Thursday, October 31, 2013

Malcolm Gladwell at the Liverpool Phil

To Liverpool for a performance by Malcolm Gladwell. As I've said before, I'm a fan of the pop-sociologist and storyteller. In my profile on Propermag I name him as one of my favourite "five things".

But this was a strange event. Strange, as it was in a magnificent theatre, but the acoustics were dire. I couldn't quite hear what he was saying some of the time and when it's a one-man show that's pretty important.

I was also slightly puzzled that he chose Northern Ireland for his book about underdogs, but also to speak about in Liverpool, London and Dublin. Brave if nothing else, for North Americans can get the perspective badly wrong about who the bad guys were in that conflict. I refer to this piece in the Spectator to pick up that particular point - How Malcolm Gladwell Gets Northern Ireland wrong.

But negatives out of the way - I loved how he told the story of Alva Erskine Vanderbilt, the 19th century social climber par excellence. How different elements of her story told one way portrayed her as a hero of feminism, or from another view as a tyrant and a mother from hell.

All of which was a clever way of tacking the issue of legitimacy. People pay taxes when they feel government and authority is fair and respectful - it then gains legitimacy. Taxes are avoided, in Greece for instance, when the rule of law is widely seen as unfair. And it's a lack of legitimacy which causes much of the turmoil around the world. Other political theories around detterance don't cover this.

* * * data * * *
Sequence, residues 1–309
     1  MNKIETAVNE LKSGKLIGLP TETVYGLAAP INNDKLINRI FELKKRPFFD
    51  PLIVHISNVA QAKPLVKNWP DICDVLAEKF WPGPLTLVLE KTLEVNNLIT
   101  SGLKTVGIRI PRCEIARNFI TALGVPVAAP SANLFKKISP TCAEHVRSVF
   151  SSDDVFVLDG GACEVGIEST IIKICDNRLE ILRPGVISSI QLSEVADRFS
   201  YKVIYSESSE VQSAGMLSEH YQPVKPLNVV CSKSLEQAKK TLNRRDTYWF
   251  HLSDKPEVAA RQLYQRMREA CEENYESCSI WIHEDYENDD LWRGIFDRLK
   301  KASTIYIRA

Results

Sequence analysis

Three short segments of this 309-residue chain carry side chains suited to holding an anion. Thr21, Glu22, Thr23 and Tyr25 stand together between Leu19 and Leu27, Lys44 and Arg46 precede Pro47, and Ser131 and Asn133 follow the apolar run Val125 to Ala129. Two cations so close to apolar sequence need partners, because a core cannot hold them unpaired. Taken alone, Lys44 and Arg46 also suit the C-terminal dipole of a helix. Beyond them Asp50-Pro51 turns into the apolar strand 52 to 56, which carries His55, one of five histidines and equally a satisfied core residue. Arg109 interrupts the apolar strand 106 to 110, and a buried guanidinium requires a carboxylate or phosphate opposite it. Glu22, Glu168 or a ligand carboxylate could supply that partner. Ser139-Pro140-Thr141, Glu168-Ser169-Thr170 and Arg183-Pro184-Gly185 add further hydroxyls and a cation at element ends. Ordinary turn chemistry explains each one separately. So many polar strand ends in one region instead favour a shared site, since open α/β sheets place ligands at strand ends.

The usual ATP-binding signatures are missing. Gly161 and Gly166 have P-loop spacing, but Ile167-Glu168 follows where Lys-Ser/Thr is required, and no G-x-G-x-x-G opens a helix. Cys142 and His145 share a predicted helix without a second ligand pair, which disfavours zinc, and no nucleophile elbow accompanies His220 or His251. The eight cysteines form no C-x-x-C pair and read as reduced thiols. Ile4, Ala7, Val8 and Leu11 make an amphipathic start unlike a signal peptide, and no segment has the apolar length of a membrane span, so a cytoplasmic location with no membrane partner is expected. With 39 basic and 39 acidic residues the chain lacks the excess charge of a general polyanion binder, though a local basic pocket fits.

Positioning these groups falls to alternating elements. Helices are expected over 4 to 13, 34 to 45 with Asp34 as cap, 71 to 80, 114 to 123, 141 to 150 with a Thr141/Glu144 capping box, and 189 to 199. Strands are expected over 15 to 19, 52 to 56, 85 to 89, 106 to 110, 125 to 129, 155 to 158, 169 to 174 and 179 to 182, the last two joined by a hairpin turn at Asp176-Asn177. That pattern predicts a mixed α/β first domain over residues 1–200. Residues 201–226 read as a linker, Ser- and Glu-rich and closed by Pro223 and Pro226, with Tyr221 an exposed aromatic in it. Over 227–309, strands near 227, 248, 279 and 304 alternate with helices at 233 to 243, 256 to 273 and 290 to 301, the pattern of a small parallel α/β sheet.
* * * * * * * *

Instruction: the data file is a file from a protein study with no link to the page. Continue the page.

“People choose to obey the law not because of a calculation of risks and benefits but because they think of a larger justice,” he said.

"Alva Erskine Vanderbilt was a very unlikely radical,” Gladwell said. She built monstrous houses, divorced her philandering husband and prevented her daughter from marrying someone similar, pairing her off instead to the aristocratic Churchill/Marlborough family. And it is her ferocity in the face of unfairness and a lack of legitimacy that fires her.

“She does not stand back because she does not see society’s judgment as legitimate. She has been denied on every level the basic fundamental rules of legitimacy and she is angry. She puts every ounce of her domineering and ambitious personality into the cause and she is successful.

“Alva wins in the end and the message of that victory applies as much to this day as it did then. The lesson at the end of the day is that the powerful are judged not by their ends but their means. If you deny people legitimacy then they will come back and defeat you."

All told, it was enough to make me and my pal Alex want to buy the book. We missed getting one on the night as we were being social butterflies at the bar, him with this guy, and me with another old favourite.

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